In terms of individual differences, I’ll describe the shiny models first, and then their natural finish siblings.


The 22″ and 20″ Samsun rides each combine piercing raw bells with lathed shiny bow areas. The bow areas play extremely aggressively with tremendous volume and cut, glassy stick definition, and a good deal of pitch. The 22″ model in particular projects huge volume. It had a tendency to overpower the rest of my kit (a standard 5-piece kit that includes the snare of the day, a 20″ maple kick, and 12″, 13″, and 16″ birch toms). Hence, I’d say it’s a ride for extroverts who want to be heard. The 20″ model is more controllable, but certainly not shy by any means.

The 22″ Ice crash ride needs to be hit hard to fully crash, but when hit with sufficient force, its name aptly describes its sound. If you took a stack of ice shards and threw them through a window, you’d have the sound of this cymbal.

The 14″ Raw Bell hi-hats play with a clean, glassy sound that projects lots of stick definition but little spizz. The bell on these hats sings with a clarity and openness that’s exceptional.


It’s odd to say, but in terms of sound, the Dirils that really shine aren’t shiny. Of course, that is my personal taste. If I played heavy metal, I’d probably prefer the shiny models.

The sound of the 20″ Jazz ride reminds me of the ride cymbals that Buddy Rich used through the years — although with more wash and slightly less ping. This cymbal bathes clear-cut, woody stick definition in a lovely puff of bright wash that never overwhelms that stick definition. Although called a “jazz” ride, this ride has enough versatility to use it for virtually any style, including jazz of course. If you were sent to a desert island and could only take one ride cymbal, this may be the one you’d take.

The 20″ Raw ride has almost the same pitch as the 20″ Jazz ride, but otherwise sounds totally different. It lacks shimmer, overtones, or much of anything other than dry, articulate stick definition. As Raw rides go, this does its job quite well. Years ago, I would have loved this cymbal for use with early ’90s fusion music. However, my tastes have changed. I now prefer more wash and found myself more enthralled with the 20″ Jazz ride.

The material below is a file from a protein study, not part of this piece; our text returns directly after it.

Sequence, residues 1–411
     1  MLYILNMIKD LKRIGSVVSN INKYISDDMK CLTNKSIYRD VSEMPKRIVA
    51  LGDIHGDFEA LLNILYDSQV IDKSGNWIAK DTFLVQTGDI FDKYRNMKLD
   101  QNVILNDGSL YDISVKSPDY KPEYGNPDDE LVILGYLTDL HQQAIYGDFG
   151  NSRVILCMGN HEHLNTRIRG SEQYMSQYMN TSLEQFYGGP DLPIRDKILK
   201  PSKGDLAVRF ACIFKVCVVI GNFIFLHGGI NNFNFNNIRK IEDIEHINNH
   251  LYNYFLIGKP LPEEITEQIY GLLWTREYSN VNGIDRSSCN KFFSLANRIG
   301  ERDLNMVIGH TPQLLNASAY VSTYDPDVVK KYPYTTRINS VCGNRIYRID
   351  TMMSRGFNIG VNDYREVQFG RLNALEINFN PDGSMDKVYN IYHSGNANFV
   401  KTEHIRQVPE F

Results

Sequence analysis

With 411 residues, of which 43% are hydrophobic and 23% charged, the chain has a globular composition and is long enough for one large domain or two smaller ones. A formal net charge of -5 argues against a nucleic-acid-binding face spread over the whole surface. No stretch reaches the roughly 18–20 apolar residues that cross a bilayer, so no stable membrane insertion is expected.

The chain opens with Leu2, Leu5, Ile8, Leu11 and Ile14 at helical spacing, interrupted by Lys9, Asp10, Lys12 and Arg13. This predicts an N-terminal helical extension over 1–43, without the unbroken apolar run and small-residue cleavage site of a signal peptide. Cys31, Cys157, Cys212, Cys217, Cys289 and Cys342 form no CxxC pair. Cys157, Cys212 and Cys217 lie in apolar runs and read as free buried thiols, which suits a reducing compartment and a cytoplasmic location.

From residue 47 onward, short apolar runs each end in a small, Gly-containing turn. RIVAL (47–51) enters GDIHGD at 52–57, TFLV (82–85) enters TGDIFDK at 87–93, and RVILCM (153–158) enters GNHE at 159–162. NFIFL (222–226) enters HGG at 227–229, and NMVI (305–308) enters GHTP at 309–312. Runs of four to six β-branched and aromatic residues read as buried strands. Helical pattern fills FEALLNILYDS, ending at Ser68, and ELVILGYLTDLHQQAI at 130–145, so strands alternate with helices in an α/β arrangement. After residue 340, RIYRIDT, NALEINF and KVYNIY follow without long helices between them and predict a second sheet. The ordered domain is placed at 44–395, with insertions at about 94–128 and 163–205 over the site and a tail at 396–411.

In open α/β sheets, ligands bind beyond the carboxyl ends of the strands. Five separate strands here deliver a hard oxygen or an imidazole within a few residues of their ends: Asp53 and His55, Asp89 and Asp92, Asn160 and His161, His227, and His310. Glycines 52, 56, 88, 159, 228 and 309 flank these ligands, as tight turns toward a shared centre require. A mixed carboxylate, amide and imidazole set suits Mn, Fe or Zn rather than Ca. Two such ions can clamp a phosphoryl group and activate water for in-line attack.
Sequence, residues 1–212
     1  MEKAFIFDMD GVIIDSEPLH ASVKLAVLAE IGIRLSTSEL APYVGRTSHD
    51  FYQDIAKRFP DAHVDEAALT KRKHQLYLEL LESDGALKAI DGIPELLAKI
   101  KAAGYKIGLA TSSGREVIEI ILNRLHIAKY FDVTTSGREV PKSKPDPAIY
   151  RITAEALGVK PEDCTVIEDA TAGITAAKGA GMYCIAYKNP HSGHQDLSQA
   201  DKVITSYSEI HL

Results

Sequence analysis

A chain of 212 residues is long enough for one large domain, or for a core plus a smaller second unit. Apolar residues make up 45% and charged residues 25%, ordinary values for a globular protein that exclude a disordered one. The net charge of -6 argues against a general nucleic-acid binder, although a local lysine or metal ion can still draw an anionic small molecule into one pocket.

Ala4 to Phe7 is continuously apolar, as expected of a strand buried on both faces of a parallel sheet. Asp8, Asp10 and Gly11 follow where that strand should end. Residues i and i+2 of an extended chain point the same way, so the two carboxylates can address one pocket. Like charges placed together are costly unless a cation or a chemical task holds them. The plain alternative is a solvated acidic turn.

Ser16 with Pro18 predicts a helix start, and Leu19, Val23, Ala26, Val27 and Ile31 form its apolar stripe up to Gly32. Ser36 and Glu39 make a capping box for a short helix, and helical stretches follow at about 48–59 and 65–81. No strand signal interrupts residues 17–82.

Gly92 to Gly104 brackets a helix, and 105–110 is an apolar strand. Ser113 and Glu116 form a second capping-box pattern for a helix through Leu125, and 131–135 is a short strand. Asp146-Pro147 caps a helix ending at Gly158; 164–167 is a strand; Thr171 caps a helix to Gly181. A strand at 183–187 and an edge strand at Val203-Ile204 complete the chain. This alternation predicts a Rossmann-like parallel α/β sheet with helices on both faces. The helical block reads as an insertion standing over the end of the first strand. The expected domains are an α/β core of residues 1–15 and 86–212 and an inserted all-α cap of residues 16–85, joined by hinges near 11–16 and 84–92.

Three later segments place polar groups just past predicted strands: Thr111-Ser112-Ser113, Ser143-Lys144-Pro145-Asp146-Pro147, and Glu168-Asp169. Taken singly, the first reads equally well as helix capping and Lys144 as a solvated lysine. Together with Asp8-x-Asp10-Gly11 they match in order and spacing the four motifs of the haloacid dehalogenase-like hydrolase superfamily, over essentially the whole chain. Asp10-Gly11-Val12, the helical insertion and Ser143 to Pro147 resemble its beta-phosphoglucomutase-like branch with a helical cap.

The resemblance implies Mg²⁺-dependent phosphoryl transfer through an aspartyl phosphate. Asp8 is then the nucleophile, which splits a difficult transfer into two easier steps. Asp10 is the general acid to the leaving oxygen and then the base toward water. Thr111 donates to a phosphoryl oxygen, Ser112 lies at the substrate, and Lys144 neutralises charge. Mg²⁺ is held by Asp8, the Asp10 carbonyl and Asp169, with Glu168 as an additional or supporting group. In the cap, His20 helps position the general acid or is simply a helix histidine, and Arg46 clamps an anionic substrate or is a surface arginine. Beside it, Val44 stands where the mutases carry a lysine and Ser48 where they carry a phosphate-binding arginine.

The 19″ Jazz crash, 18″ Medium crash, and 16″ Medium Thin crash have slight differences in their construction. For example, the Jazz model is slightly thinner. Nevertheless, despite these subtle distinctions, each of these crashes performs similarly but with different pitches. These are true crashes in the sense that they crash even at a low volume with a quick burst of white noise and sizzle. These are not, however, crash/rides, so I wouldn’t recommend using them for any lengthy ride patterns.

Each of these crashes — even the 19″ model — sustains just long enough, but not longer than that. I received no clunkers or deadbeats in the group, and each crash has a sturdy feel. As a result, I felt I could crash these cymbals hard without fear that they would dent or crack. I’d highly recommend any or all of these crashes.

The 14″ “D” Heavy Traditional hi-hats distinguish themselves with excellent stick definition and much more spizz than the 14″ Raw Bell hi-hats. Sometimes heavy hats can be too low-pitched or chunky for my taste, but these hats project nicely in the mid-range with plenty of crispness. Furthermore, and this is probably a testament to their excellent construction, I couldn’t manage to get any air pocket from these hats. Overall, these hats speak with a well-rounded sound and volume that would make them a great go-to set of hats for all occasions.


Turkish cymbal manufacturers are known for handmade craftsmanship, and in many cases, they have become a favorite of jazzers looking for warmer, trashier, and quirkier cymbals. In the last few years, drummers have an ever-increasing plethora of Turkish-style cymbals to choose from. Maybe that’s why the Dirils surprised me most in that they sounded so much different than what I normally would expect from a Turkish cymbal.

The Dirils proved to be a totally modern cymbal in terms of sound, strength, and volume. For handmade cymbals, the consistency from one to the next is truly amazing. They disclose no mistakes in their manufacture, either visually or sonically. If you’re looking for something trashy or jazzy, these may not be your choice. If you’re looking for high-quality cymbals that can project aggressive sound and volume while maintaining their musicality, the Dirils are for you. As a plus, the Dirils are priced very reasonably (retailing about 40 percent less than the list prices) considering the quality of the bronze and the handwork that goes into making one.


List Price
22″ Samsun Ride $550
20″ Samsun Ride $475
22″ Ice Crash Ride $550
20″ Jazz Ride $475
20″ Raw Ride $475
19″ Jazz Crash $450
18″ Medium Crash $415
16″ Medium Thin Crash $325
14″ “D” Heavy Traditional
Hi Hats $600
Features Handmade cymbals crafted from ingots of B20 bronze cast in Ibrahim Diril’s own foundry; organic, hand-hammered appearance with remarkable consistency of form; affordable price.
Diril Cymbals